An understated electro-ballad produced with Sounwave, giving thanks for some benevolent fluke of the universe (did some bird flap its wings over in Asia?) that has resulted in a functional romantic situationship. “2,910 days of our love blackout”—that’s six years, or approximately how long Swift had spent with Joe Alwyn. And she released it on the 12,000th day of her life? Hardcore. Lifted high by Midnights’ loveliest back-up vocals.Best line: “I was supposed to sweat you out, in search of glorious happenings of happenstance on someone else’s playground.”


‘The Albatross’ (2024)

A sea fable that could have been inspired by her man Samuel Taylor Coleridge.Best line: “Cross your thoughtless heart  / Only liquor anoints you / She’s the albatross / She is here to destroy you.”


<strong>“Bejeweled</strong>” (2022)

“Bejeweled” is full of late-night disco jitters, as Taylor sings about the the fear of stepping out onto the floor and putting her heart on display, until she takes the plunge because it’s scarier to think about *not* doing it. It sounds like this could be the neglected wife of “Tolerate It,” finally breaking free. (She boasts, “I polish up real nice,” as opposed to “I polish plates until they gleam and glisten.”) It’s got that “tears on the dance floor” vibe of “New Romantics,” except “New Romantics” was sung by a “we,” yet the singer of “Bejeweled” is feeling very alone indeed.Best line: “Sapphire tears on my face/Sadness became my whole sky/Some guy said my aura’s moonstone just ‘cause he was high.”


“Forever & Always” (2008)

She added this to Fearless at the last minute – just what the album needed. It’s a blast of high-energy JoBro-baiting aggro on her most anomalously shade-free album. “It rains in your bedroom” is a very on-brand Tay predicament.Best line: “Did I say something way too honest? Made you run and hide like a scared little boy?”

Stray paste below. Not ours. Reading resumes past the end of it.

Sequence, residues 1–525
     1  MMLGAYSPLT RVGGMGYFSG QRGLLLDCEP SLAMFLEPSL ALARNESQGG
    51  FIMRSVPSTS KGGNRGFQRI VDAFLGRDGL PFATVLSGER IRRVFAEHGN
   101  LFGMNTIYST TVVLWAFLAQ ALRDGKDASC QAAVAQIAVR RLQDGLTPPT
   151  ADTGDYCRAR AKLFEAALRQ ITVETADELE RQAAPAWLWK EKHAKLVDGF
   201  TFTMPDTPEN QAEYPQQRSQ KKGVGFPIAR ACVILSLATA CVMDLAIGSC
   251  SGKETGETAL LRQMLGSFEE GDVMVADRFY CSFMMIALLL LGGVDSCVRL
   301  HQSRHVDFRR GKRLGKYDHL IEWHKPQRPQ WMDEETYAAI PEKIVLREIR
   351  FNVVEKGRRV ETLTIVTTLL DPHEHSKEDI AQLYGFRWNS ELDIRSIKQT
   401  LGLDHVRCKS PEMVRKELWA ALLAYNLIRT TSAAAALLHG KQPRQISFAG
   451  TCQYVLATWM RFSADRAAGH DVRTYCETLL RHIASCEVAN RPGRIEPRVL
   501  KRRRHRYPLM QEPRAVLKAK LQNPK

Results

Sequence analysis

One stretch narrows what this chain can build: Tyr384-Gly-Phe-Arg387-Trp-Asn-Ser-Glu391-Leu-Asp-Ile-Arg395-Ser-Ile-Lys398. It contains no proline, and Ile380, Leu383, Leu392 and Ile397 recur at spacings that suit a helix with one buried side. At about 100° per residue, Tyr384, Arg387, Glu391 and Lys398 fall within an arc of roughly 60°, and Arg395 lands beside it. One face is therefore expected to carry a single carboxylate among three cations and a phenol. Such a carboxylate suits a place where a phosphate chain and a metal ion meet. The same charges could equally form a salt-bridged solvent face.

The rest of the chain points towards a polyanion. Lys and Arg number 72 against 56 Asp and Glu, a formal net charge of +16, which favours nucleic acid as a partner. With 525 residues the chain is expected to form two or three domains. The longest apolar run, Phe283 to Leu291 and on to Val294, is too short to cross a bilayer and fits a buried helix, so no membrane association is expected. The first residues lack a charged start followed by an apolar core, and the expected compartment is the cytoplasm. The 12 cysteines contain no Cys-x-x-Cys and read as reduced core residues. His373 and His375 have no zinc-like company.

‘You’re Losing Me’ (2023)

“You’re Losing Me” debuted as part of her Midnights Late Night Edition, which was available only as a physical CD, and only for sale on-site at the Eras Tour that weekend in New Jersey. (The song was later briefly available as a download.) It echoes “Epiphany,” with medics at a battlefield trying to find a pulse, except instead of a wounded soldier, it’s a dying love affair. But it all works, from Taylor’s sad sigh at the start, to her pained Joni Mitchell proverb: “You don’t know what you got till it’s gone.”  “You’re Losing Me” sounds even tougher in 2024—it sounds more anything like a dry run for The Tortured Poets Department.Best line: “I wouldn’t marry me either / A pathological people pleaser.”


“Better Man” (2021)

Taylor gave this one away to Little Big Town, who turned it into a massive 2016 country hit. “Better Man” came to loom large in her legend as a writer, so it was worth the wait to finally get her own proper version. “Better Man” hits even harder with Taylor wailing her tale of adult regret, confessing to the mirror, “The bravest thing I ever did was run.”Best line: “I gave to you my best/And we both know you can’t say that.”


“Shake It Off” (2014)

A clever transitional single – great verses, grabby chorus, pithy lyrics with a shout-out to her obvious inspiration, Robyn’s “Dancing on My Own.” As a lead single, “Shake It Off” might have seemed meager after 1989 came out – she was holding back “Blank Space” and “Style” and (Lord have mercy) “New Romantics” for this? But “Shake It Off” got the job done, serving as a trailer to announce her daring Eighties synth-pop makeover.Best line: “It’s like I got this music in my mind, saying it’s gonna be all right.”


“Bye Bye Baby” (2020)

One of the top-notch Fearless (Taylor’s Version) vault tracks. Like so many of her songs from this era, it has a giant Oasis-style hook: “You took me home, but you just couldn’t keep me.” Plus a bonus one in the bridge when she sings, “I’m so scaaared of how this ends!” What does it mean that the best Oasis songs of the past 20 years are Taylor songs?Best line: “You’re all I want, but it’s not enough.”


“High Infidelity” (2022)